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I recently got a new primary computer. On my old one, I was working with MS Visual Studio 2008 (or maybe an older version - I can't remember now). I had managed to get SQLite working with it and was in the start/middle of building an application.

On the new computer, I now have MS Visual Studio 2010. I have had problems getting SQLite to work with it. Honestly, I haven't tried super hard yet, because I realized I pretty much want to completely redesign this application anyway and it got me thinking... do I really want to use SQLite or some other SQL? MS SQL (or is it called SQL Server)? MySQL?

My end goal is to have an application that can be installed by the user with one .msi file and the user should not have direct access to the database (although at this stage, that is a secondary concern).

It seems like MS SQL / SQL Server is the easiest since it's also an MS product.... Would love some opinions!

(along with the opinions, I'd also love to be pointed to current instructions... I'm a programmer, I'm not a "coding environment setup" person and have always struggled with this. All I want is to get in there and write my application!)

Thanks in advance!


PS... I'm currently working with C# and would prefer to stick with it, but could easily do this in C++ (I'm fluent in all the flavors of C) if that makes a difference with the database.

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up vote 3 down vote accepted

SQL Server would be a good choice by the sounds of what you're after. Try the express version - it's free, good for development and prototyping and integrates really well with Visual Studio.

The SQL Server Management Studio tool is excellent. I use this to create the databases I need and then use Visual Studio to manage them (saves switching windows and running both applications when you're working in VS all day anyway). I used to have my issues with the old Enterprise manager software but things really seems to have stepped up for SQL Server 2008 and the new management studio.

Like the title of your question suggests, you're wanting to use this with Visual Studio. If you decide to do use SQL Server then you should:

Download the express edition

Download SQL Server management studio

Create a database

In Visual Studio - click View -> Server explorer -> right click Data connections and add connection. Select MS SQL Express and choose localhost as your server. You can then select the database you created using the management studio.

There you have it - integration with VS.

You say you're using C#.Net - well SQL server and .Net go hand-in-hand. Obviously you can hook up to other third party databases but SQL was really made to work with this stuff. It's a powerful database engine and will do everything you'll ever need as well as being well supported by Microsoft and the wider community.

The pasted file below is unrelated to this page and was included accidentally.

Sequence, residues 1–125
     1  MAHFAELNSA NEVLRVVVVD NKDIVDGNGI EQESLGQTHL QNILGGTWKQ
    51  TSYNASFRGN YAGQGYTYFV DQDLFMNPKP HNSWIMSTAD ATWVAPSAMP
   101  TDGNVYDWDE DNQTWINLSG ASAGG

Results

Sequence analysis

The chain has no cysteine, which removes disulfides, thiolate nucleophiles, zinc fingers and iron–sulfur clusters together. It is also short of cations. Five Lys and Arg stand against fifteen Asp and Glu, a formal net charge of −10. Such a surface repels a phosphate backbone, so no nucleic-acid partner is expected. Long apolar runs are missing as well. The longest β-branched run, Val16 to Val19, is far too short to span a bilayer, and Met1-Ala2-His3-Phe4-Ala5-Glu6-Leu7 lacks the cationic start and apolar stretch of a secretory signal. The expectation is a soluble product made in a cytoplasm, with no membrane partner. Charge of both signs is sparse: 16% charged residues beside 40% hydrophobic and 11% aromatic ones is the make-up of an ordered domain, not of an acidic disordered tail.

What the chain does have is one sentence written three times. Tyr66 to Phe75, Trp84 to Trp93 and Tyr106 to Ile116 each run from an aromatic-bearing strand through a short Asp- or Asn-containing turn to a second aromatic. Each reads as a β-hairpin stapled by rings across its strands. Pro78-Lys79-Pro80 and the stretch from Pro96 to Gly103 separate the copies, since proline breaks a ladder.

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Thanks! This sounds like it is probably what I want to work with right now. (How long has then been out? I'm wondering how I went down the path of SQLite in the first place...) – adeena Jun 4 '11 at 0:23
All the tools I've mentioned have been around since the release of SQL server 2008 - good luck with it all :) – harman_kardon Jun 4 '11 at 10:21
Any hints on installing it with Windows 7?? I'm getting the "compatibility" message as expected, but then running into another error. Of course, I didn't install PowerShell, but that's because the website doesn't say anythign about Windows 7 on it... – adeena Jun 6 '11 at 23:46

If your final goal is to have hands-off single-click installation then I don't think SQL Server Express is your best bet because it's not a file-based embedded database. It's a great db and very easy to work with, but when it comes to deployment still takes some installation effort. You could try one of: SQL Server Compact Edition, SQLite or Firebird Embedded.

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What is the difference between SQL Server Express and SQL Server Compact Edition? Are they both MS products? Any reason not to get started with SQL Server Express and evolve later? My first priority is an easy install. Second priority is a database that can be protected in some way from the user manually editting it. – adeena Jun 4 '11 at 0:22

SQLExpress is free and for development purposes is pretty much interchangeable with the full SQLServer

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SQL SERVER seems to be the logical one.

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